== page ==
What My Dad’s Death Taught Me About Life

Lessons from my father on gratitude, service, and the power of showing up

Paul Ollinger
Forge
Published in
4 min readNov 25, 2020

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Photo courtesy of the author

Every other week, Paul Ollinger investigates how redefining success can help us lead better lives.

My dad died the other day. He left this world while napping in his favorite recliner surrounded by his children. He was 93.

Despite my love and commitment to my father, I have shed zero tears over his passing. I promise I’m not an unfeeling monster (I cried at least once when I took my daughter to see Wicked). It’s just that, rather than sadness, I have found myself overcome with a profound sense of gratitude for his presence in my life and for everything he taught me.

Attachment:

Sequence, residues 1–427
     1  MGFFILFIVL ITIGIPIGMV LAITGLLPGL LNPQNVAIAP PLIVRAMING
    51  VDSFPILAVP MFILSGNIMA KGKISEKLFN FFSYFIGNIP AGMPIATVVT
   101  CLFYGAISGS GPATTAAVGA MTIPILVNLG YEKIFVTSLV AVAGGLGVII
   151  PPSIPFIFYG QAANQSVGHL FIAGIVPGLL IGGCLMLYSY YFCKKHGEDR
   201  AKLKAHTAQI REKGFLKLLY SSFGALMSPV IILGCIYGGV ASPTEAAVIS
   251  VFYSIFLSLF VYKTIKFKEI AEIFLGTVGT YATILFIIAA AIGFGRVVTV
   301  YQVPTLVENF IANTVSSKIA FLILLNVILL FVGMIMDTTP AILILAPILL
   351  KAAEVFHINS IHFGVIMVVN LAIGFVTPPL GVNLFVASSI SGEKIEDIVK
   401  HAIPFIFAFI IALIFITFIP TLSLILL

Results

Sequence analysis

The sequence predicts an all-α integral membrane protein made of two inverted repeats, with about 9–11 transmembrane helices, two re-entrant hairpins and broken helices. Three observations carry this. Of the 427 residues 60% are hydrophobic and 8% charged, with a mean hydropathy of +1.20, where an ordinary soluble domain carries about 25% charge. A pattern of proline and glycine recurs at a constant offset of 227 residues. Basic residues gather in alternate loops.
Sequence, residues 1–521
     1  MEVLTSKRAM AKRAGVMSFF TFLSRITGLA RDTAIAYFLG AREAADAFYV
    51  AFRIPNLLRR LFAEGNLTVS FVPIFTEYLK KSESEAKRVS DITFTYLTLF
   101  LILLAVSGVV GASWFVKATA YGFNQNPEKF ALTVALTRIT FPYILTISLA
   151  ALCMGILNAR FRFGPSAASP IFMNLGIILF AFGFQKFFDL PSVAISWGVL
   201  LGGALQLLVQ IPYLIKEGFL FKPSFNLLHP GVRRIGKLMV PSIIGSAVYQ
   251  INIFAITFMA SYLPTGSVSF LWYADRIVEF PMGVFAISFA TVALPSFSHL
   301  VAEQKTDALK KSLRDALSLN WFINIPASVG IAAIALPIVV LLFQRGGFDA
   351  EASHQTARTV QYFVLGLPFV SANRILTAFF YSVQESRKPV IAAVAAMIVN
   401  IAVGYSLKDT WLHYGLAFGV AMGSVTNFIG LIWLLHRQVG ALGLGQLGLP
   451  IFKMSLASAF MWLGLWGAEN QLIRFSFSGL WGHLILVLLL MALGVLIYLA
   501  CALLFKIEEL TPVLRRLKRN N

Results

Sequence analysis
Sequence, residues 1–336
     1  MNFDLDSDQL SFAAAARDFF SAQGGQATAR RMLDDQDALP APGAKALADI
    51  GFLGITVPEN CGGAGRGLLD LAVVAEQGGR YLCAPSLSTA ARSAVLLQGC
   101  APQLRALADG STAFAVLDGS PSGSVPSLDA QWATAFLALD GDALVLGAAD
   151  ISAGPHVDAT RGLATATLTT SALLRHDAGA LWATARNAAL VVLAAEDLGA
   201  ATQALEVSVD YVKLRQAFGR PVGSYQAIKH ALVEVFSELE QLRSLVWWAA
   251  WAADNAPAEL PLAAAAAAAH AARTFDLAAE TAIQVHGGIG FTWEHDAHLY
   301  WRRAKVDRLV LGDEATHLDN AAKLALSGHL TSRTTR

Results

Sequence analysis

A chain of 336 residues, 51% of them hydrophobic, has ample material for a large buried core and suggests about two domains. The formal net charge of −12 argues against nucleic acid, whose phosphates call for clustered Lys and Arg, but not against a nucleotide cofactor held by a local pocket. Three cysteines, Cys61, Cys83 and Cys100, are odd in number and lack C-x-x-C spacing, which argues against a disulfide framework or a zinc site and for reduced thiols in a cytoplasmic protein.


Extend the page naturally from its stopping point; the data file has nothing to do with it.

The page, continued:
Nobody chooses their parents. And nobody chooses how long their parents will live. These are functions of randomness over which we have no control. Though I did nothing to deserve or affect it, by being “assigned” to Bea and Billy Ollinger, I won the parental lottery.

I was born to two parents who loved their children and dedicated their lives to educating and preparing them for life as adults. My folks were smart, kind, and decent human beings who put their kids before their professional ambitions. They prioritized Catholic school over material possessions (and air conditioning). They…

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Paul Ollinger
Forge
Writer for

Comedian. Host of the Crazy Money podcast. Proud former Facebook and Yahoo! sales person/leader. http://PaulOllinger.com/podcast